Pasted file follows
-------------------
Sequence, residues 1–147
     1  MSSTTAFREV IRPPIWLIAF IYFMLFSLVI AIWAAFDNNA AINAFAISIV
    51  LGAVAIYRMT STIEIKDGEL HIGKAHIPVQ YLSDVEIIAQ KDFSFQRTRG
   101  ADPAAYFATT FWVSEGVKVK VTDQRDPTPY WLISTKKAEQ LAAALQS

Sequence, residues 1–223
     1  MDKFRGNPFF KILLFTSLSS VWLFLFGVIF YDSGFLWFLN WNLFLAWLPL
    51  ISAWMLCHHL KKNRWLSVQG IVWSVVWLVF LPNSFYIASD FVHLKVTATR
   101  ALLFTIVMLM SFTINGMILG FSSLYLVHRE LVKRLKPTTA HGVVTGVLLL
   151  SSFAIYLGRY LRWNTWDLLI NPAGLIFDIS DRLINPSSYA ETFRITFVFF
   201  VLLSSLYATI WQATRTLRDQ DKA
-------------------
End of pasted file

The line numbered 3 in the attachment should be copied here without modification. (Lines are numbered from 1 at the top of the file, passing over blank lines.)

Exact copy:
    51  LGAVAIYRMT STIEIKDGEL HIGKAHIPVQ YLSDVEIIAQ KDFSFQRTRG